Stochastic resonance is a paradoxical phenomenon whereby a weak signal can be amplified by application of noise. Stochastic resonance occurs in a number of nonlinear systems, in neurobiology, mesoscopic physics, photonics, atomic physics, mechanics,... The classical picture of stochastic resonance involves the stochastic synchronisation of the motion of a fictious particle (representing the system's state) in a bistable potential subjected to a weak amplitude harmonic modulation (the input signal) and to amplitude noise. Stochastic amplification of the weak signal is revealed in the spectral amplification at the signal frequency for a non zero input noise strength.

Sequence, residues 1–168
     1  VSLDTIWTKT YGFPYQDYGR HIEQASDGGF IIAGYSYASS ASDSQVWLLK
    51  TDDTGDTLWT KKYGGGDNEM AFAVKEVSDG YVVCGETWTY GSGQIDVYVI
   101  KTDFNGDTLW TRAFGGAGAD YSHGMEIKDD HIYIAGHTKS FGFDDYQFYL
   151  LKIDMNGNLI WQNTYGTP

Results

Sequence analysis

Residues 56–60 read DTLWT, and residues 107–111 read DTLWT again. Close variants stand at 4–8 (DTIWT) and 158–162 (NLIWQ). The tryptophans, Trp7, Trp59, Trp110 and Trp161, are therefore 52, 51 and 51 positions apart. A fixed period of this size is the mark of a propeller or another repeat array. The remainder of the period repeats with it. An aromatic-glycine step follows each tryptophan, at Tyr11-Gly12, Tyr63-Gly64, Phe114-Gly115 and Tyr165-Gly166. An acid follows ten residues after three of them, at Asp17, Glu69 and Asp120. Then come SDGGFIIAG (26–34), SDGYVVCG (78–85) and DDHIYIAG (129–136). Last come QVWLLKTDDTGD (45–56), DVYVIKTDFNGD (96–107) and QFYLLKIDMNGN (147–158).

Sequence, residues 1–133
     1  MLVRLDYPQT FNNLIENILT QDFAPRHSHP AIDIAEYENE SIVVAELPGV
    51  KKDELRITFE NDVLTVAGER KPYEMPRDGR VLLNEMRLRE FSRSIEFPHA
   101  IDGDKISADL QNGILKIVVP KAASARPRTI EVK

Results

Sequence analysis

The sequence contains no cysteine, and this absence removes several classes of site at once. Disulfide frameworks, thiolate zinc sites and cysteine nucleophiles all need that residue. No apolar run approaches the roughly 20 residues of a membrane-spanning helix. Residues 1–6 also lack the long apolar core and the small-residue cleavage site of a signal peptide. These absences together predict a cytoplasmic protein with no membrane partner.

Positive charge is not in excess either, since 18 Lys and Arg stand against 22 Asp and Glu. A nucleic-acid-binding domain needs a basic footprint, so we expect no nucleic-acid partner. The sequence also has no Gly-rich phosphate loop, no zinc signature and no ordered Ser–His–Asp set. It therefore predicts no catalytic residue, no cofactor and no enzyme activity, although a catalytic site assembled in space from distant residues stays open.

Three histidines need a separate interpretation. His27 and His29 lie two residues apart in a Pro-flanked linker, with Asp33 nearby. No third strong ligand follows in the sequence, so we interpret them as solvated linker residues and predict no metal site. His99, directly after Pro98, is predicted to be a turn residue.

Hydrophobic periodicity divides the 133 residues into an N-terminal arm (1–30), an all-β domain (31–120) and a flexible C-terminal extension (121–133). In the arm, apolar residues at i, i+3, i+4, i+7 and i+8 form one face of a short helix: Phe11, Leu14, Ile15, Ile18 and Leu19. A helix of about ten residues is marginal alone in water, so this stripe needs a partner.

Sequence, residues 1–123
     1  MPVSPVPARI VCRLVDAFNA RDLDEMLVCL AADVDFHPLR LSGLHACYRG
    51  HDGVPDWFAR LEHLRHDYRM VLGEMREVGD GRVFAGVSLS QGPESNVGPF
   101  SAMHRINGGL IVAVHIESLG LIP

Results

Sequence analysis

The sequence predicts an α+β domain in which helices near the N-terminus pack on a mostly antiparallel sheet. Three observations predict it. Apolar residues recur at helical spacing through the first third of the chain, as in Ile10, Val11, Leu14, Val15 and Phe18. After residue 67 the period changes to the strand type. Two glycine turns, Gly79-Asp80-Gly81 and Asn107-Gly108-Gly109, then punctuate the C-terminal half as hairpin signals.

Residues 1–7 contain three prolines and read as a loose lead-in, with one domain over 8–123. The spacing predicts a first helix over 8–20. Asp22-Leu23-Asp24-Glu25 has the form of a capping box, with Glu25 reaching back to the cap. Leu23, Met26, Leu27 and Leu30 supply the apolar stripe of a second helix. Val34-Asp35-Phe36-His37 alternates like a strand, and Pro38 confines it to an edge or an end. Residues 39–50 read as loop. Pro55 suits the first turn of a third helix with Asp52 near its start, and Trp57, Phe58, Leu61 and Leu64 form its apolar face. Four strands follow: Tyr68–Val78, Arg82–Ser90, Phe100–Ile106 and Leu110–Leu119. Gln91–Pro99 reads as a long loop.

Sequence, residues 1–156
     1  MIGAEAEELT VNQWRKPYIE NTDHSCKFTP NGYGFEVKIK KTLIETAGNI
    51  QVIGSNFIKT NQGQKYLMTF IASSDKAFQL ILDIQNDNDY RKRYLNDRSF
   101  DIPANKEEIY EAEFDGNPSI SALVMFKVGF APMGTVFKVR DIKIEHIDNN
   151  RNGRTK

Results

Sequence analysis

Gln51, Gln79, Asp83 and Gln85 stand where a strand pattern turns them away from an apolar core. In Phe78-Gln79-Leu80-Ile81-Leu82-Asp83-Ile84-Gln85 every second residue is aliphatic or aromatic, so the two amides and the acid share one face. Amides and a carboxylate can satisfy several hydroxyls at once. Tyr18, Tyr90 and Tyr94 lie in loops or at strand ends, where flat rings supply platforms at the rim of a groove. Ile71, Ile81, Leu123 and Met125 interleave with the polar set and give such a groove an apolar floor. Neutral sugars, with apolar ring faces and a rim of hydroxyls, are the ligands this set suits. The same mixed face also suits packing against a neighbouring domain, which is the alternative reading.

We report on the observation of phase stochastic resonance in a nanomechanical, photonic crystal membrane with integrated electrical actuation. The nanomechanical oscillator is forced by a coherent driving signal which results in a bistable behavior. Bistability occurs in a bidimensional phase space since the system has a response in amplitude and in phase. We subject the oscillator to an additional slow phase modulation and to phase noise. We evidence a stochastic resonance phenomenon with amplification of the phase or amplitude response of the system for a non-zero input noise. Moreover, a theoretical analysis reveals that phase noise acts in a multiplicative fashion. This has important consequences on the optimal parameters for stochastic resonance to occur and explains the observed noise-induced detuning in the system. Phase stochastic resonance may have impact on several domains, including signal transmission telecommunication with coherent protocols such as Phase Shifting Keying, or metrology with improved detection.